With just 4 ingredients and 30 minutes, you can make classic cacio e pepe by combining Italian cheese and pasta water to create a creamy sauce, tossed into pasta and freshly cracked black pepper.
Anthony Bourdain once said that “if…in Rome for only 48 hours, I would consider it a sin…to not eat cacio e pepe.” I couldn’t agree more.
It’s hard to forget my first bowl of cacio e pepe in Rome. It was hard to comprehend how pasta water and cheese could make such a silky, creamy sauce that coated every little strand of spaghetti. How was there no butter or cream in there? How? The generous amount of black pepper added way more than a touch of heat; it added earthy, piney flavor. I didn’t know black pepper was capable of tasting so good.
For all pasta lovers, whether you make it out to Rome itself or whether you make a little piece of Rome at home, classic cacio e pepe is a bucket list adventure.
Pasta alla Genovese is another Italian Culinary adventure worth taking.
What is Cacio e Pepe?
Cacio e pepe is a classic Italian pasta dish, originating from Rome, that translates to “cheese and pepper” in English. It is a super simple yet flavorful dish made from just spaghetti, black pepper, cheese, and pasta water to create a creamy sauce.
Although some Romans argue that cacio e pepe should only be made with pecorino romano, the version I had was made with a 50/50 blend of pecorino and parmigiano-reggiano. It was sharp and salty from the pecorino but balanced by the nuttiness of parmigiano. I’ll never go back to just pecorino.
The key to cacio e pepe is making a creamy sauce made only from cheese and pasta water. It’s crucial to vigorously mix the cheese and pasta water to create a “cream” before incorporating it into the cooked pasta and pepper mixture. While many recipes call for butter or cream, these versions are not authentic!
A creamy sauce that’s sharp and nutty and complex, mixed with an aromatic kick from the pepper, cacio e pepe is a testament to the simple beauty of Italian cuisine, where a few high-quality ingredients come together to create magic.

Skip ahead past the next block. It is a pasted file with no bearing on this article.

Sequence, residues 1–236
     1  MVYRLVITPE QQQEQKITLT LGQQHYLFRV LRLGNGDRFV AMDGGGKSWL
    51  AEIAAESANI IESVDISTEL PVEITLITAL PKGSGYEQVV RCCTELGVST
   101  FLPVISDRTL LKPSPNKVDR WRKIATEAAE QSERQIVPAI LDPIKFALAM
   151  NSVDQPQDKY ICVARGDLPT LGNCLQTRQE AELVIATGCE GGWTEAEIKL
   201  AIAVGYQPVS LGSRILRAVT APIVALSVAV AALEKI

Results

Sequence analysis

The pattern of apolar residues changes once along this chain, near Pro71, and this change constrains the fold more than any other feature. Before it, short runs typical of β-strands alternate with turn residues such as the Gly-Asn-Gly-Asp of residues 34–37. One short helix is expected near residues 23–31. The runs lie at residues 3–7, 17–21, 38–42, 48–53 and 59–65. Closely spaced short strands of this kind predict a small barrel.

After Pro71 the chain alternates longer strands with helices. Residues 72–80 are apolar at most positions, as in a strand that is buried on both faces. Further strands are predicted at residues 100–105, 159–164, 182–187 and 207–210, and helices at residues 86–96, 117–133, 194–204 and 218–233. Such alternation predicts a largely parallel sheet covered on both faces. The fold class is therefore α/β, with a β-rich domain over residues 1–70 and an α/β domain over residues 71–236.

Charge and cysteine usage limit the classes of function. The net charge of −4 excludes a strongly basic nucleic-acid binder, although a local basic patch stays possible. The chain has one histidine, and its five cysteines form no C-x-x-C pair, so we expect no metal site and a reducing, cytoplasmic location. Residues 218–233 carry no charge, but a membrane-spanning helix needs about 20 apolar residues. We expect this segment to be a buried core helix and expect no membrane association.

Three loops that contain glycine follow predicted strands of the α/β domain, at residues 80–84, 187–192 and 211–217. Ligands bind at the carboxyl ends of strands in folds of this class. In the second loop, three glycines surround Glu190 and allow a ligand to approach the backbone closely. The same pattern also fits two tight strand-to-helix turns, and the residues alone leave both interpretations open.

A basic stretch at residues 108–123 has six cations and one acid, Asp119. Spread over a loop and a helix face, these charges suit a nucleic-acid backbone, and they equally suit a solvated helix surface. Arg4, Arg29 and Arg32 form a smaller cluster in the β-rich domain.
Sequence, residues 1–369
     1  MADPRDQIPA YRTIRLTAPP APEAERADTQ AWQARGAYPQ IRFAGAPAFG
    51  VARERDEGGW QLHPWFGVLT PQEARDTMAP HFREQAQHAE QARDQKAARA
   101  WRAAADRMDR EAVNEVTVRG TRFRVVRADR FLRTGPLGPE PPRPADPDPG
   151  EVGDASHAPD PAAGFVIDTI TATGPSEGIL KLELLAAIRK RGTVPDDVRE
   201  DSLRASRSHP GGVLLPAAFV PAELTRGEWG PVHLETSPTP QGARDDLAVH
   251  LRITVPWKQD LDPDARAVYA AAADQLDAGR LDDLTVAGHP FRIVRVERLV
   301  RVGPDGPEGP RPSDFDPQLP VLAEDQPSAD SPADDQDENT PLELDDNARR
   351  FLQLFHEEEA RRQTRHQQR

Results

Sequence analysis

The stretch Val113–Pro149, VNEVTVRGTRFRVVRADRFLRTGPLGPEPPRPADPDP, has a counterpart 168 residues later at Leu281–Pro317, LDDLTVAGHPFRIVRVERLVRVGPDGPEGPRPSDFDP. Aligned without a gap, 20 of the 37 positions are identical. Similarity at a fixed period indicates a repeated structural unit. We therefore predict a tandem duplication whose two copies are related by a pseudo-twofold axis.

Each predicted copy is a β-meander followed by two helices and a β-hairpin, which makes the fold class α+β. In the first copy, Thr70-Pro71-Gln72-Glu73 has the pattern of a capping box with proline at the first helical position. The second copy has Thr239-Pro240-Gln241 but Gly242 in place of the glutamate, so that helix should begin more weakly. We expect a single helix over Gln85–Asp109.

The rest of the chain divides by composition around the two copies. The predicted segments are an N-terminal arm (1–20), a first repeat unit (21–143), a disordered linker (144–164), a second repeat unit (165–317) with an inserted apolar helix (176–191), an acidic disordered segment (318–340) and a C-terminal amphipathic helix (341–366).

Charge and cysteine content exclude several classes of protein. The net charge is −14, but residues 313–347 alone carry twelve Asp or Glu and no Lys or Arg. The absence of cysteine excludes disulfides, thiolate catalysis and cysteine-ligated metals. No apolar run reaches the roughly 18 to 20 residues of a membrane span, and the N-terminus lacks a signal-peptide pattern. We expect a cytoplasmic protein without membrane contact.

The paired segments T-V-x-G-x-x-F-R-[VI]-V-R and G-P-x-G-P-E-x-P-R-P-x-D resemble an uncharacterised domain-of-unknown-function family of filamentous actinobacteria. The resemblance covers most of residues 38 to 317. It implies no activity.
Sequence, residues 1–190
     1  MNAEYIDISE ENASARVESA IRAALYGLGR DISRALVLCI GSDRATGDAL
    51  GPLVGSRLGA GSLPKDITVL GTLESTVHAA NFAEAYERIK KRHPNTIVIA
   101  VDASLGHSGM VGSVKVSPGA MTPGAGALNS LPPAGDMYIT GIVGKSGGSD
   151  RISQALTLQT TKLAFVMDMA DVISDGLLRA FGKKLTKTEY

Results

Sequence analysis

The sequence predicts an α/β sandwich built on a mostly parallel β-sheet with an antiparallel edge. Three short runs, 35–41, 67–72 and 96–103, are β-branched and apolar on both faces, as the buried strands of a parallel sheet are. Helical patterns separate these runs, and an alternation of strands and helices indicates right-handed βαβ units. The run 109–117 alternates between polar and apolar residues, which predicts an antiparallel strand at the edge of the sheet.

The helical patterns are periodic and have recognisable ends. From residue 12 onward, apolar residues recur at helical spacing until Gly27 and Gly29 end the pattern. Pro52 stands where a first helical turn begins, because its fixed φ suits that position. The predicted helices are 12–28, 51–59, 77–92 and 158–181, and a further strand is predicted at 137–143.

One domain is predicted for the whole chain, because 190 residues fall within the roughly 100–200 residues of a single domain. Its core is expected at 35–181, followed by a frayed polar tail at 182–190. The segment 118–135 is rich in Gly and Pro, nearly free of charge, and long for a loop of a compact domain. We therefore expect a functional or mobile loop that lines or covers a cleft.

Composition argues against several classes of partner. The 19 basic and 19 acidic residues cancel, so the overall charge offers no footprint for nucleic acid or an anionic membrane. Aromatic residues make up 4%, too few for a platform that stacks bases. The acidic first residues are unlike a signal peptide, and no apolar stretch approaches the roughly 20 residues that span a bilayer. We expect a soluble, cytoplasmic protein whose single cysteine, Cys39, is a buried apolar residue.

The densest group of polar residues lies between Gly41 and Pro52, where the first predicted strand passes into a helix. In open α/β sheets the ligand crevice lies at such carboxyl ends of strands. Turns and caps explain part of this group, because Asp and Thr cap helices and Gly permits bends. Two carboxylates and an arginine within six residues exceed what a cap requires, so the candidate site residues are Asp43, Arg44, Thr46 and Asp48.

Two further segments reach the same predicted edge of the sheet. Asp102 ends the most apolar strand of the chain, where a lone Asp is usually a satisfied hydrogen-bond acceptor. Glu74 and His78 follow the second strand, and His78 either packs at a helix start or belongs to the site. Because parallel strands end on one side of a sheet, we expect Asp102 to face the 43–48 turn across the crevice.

Video: How to make Cacio e Pepe
Cacio e Pepe Ingredients
- Thick spaghetti – thick spaghetti is thinner than bucatini but thicker than regular spaghetti. It’s the perfect pasta for cacio e pepe! If you can’t find thick spaghetti, you can use one of the others.
- Pecorino Romano cheese – authentic Roman versions of cacio e pepe use pecorino cheese. Buy a fresh block and finely grate it yourself. Pecorino romano is a salty, sharp sheep’s cheese.
- Parmigiano-Reggiano – while using just pecorino is often how you’ll see cacio e pepe made, I like a 50/50 blend of pecorino and parmigiano. Parmigiano is a cow’s cheese that’s nuttier with a touch of sweetness. Buy a block and finely grate it too!
- Freshly cracked black pepper – black pepper is the “pepe” part of cacio e pepe. Crack your own pepper; don’t buy pre-ground.
- Salt – a touch of salt added to the pasta water is classic.
- 4 quarts water – too much water to boil the pasta will dilute the pasta water. Too little water will make it difficult for the pasta to cook. 4 quarts of water is ideal for perfect cacio e pepe.
How to Make This Cacio e Pepe Recipe
Learn how to make classic cacio e pepe the way the Romans intended it! Full instructions in the recipe card; this is an outline!
Prep all ingredients beforehand.
Boil 4 quarts of water, adding salt.
Cook pasta until 1 minute shy of al dente.
Toast black pepper in a large pan for 1-3 minutes over medium heat.
Reserve 1 ½ cups of pasta water.
Add 1 cup of pasta water to the pepper pan.
Mix drained pasta vigorously into the peppery water for 1 minute over medium heat.
In a bowl, vigorously combine both cheeses and ½ cup pasta water for the cheese “cream.”
Add half of the cheese cream to the pasta, tossing until combined over medium heat.
- Add more.
Incorporate the remaining cheese cream.
Vigorously stir until lumps melt into a creamy sauce over medium heat.
Serve immediately, garnished with black pepper and cheese.
Cacio e Pepe Variations
While a traditional cacio e pepe recipe is made with just cheese and black pepper, here are some creative cacio e pepe variations!
- Short pasta: try using penne, rigatoni, or orecchiette.
- Protein additions: Incorporate a protein like grilled or Baked Chicken Breast, shrimp, bacon, pancetta, walnuts or pine nuts.
- Herb infusions: add fresh herbs like rosemary, thyme, or basil.
- A touch of truffle: drizzle truffle oil over the finished dish or add a small amount of truffle paste to the cheese cream.